SpaceX announced Friday that it is targeting a second flight test of its superheavy rocket and its Starship upper stage for “mid-November.”
The company said the launch date is pending regulatory approval, as the Federal Aviation Administration and U.S. Fish and Wildlife Service have yet to complete the environmental review process for the rocket and its launch site, which is surrounded by wetlands in south Texas. Said it means not.
Still, SpaceX’s announcement indicates that the company believes it may soon receive this regulatory approval. This is consistent with what sources told Ars that federal approval for Starship’s second launch is nearly complete.
First flight, not the best
The first full stack of Starship, including the Super Heavy booster, was launched from South Texas on April 20, 2023. The rocket was launched even though three of his 33 main Raptor engines were not fully ignited at takeoff. Three more engines failed during the climb, and after several minutes, the aircraft finally veered off course and was destroyed by the flight termination system. Still, SpaceX obtained valuable data.
There were problems not only with the rocket but also with the launch site. The company built the first launch tower without flame guides or other structures to reduce the power of its 33 main engines. As a result, the launch pad was heavily damaged, and the energy of the launch caused concrete to spew into the surrounding marshes.
In the months since then, SpaceX has completely rebuilt the launch pad at its characteristic rapid pace and installed a water sound suppression system to dampen the energy of the launch. Part of the review by the Fish and Wildlife Service is to ensure that these measures adequately reduce the explosive force of the rocket’s ignition and departure from the launch site.
It has become hot
SpaceX is once again targeting a morning launch for the rocket, likely around 8 a.m. local time in South Texas (14:00 UTC). Officials have suggested to Ars that the earliest possible launch date is November 13, but nothing has been decided.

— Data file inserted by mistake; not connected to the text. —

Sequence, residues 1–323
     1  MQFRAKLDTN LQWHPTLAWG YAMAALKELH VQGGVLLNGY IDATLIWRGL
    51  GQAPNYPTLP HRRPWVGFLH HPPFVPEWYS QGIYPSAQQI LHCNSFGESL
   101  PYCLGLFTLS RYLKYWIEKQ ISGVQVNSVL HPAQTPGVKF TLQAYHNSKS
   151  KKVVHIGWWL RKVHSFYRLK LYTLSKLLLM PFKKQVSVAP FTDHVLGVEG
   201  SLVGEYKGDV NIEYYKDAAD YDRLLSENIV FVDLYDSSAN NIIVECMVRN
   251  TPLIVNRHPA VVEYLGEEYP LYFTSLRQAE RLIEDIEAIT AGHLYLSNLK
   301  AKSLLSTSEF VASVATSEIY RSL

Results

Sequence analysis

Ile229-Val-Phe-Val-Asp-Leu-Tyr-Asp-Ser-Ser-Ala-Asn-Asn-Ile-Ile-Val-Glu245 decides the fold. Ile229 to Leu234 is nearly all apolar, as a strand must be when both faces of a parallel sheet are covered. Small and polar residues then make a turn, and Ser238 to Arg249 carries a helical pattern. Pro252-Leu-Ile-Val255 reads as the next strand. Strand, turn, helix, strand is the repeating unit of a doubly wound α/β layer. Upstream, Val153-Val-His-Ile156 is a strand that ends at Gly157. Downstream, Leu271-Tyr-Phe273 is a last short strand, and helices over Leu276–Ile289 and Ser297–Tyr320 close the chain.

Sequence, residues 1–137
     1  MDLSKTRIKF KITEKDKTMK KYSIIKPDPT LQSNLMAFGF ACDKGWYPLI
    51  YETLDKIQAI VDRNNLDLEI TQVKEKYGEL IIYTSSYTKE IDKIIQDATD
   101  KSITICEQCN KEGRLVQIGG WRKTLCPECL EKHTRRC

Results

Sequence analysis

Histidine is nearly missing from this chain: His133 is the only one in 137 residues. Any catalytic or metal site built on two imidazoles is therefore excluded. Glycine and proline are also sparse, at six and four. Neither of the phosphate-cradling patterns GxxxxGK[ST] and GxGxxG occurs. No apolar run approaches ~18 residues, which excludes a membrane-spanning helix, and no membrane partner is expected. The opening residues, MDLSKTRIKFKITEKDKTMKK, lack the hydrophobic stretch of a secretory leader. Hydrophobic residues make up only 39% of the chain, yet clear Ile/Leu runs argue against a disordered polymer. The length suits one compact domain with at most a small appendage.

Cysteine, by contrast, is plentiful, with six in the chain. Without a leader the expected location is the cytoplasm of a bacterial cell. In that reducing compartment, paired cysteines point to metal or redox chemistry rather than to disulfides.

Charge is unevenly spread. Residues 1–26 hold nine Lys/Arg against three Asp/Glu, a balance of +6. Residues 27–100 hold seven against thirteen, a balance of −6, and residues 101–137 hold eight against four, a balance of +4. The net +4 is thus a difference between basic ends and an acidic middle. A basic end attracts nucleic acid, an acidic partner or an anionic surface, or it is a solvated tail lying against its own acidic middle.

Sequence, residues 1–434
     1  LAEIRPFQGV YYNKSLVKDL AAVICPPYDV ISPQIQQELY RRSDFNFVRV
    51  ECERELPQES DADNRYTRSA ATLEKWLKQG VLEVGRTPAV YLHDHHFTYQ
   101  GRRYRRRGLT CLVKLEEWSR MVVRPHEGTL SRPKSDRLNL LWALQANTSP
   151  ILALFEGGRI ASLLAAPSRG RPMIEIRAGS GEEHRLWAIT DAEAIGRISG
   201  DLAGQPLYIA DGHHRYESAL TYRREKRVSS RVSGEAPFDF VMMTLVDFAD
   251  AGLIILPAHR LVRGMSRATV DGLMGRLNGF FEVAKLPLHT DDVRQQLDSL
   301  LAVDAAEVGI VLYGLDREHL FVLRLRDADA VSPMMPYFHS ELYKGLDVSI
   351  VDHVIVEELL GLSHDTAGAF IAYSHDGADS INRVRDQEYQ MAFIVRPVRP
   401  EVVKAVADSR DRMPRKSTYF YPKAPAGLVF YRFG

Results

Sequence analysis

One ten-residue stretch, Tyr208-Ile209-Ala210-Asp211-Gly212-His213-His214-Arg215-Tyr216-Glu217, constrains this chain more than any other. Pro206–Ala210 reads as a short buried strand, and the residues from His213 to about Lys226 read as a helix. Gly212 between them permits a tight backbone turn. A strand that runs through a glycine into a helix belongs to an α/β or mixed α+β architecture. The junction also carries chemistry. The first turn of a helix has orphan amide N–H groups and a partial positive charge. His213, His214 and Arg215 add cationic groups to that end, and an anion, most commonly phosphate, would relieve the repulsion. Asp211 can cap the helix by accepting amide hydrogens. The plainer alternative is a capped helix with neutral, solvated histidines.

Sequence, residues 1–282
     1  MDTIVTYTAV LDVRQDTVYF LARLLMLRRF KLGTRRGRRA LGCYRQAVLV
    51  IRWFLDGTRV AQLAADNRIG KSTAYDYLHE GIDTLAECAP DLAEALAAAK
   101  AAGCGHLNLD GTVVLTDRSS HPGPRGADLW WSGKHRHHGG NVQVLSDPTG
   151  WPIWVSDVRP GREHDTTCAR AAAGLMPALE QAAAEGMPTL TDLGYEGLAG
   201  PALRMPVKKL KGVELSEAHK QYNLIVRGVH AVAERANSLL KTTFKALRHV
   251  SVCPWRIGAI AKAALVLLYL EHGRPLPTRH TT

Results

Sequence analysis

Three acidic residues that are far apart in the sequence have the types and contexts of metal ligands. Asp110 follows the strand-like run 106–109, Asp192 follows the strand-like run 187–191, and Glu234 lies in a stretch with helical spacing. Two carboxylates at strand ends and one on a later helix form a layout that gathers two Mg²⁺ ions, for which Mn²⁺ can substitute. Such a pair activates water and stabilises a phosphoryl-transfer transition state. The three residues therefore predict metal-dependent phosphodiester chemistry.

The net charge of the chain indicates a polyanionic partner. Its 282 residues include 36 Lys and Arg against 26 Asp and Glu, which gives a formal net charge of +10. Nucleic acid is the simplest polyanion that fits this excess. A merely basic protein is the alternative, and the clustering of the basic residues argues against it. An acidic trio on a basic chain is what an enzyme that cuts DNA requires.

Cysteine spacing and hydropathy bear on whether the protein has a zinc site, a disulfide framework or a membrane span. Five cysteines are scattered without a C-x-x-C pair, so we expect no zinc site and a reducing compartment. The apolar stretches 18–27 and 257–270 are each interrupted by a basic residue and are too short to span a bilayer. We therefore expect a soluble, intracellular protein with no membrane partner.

of Flight schedule and profile The second flight test, announced by the company on Friday, is similar to the April test and involves a 90-minute flight of the Starship upper stage, with the goal of completing nearly a full orbit before flying into the Pacific Ocean near the island. There is. Kauai.
One notable change is the addition of a “hot staging” ring between the super heavy booster and the starship’s upper stage. The technology requires Starship’s Raptor engines to ignite before the upper stage separates from the Super Heavy’s first stage. This is technically more difficult than waiting for stage separation, but ultimately increases Starship’s payload capability into orbit.
“Obviously, it would be like a booster explosion, so we have to protect the top of the booster stage from being incinerated by the engines on the upper stage,” SpaceX founder Elon Musk said earlier this year. The design changes will increase the Starship rocket’s payload capacity by approximately 10%.
SpaceX will not attempt to recover either the first or second stage on this flight. Instead, the goal is to demonstrate the flight capabilities of the super heavy rocket and Starship’s performance if the stack reaches separation. Musk said he believes Starship has about a 60 percent chance of reaching its destination on this flight.
Regardless, it’s going to be quite a show.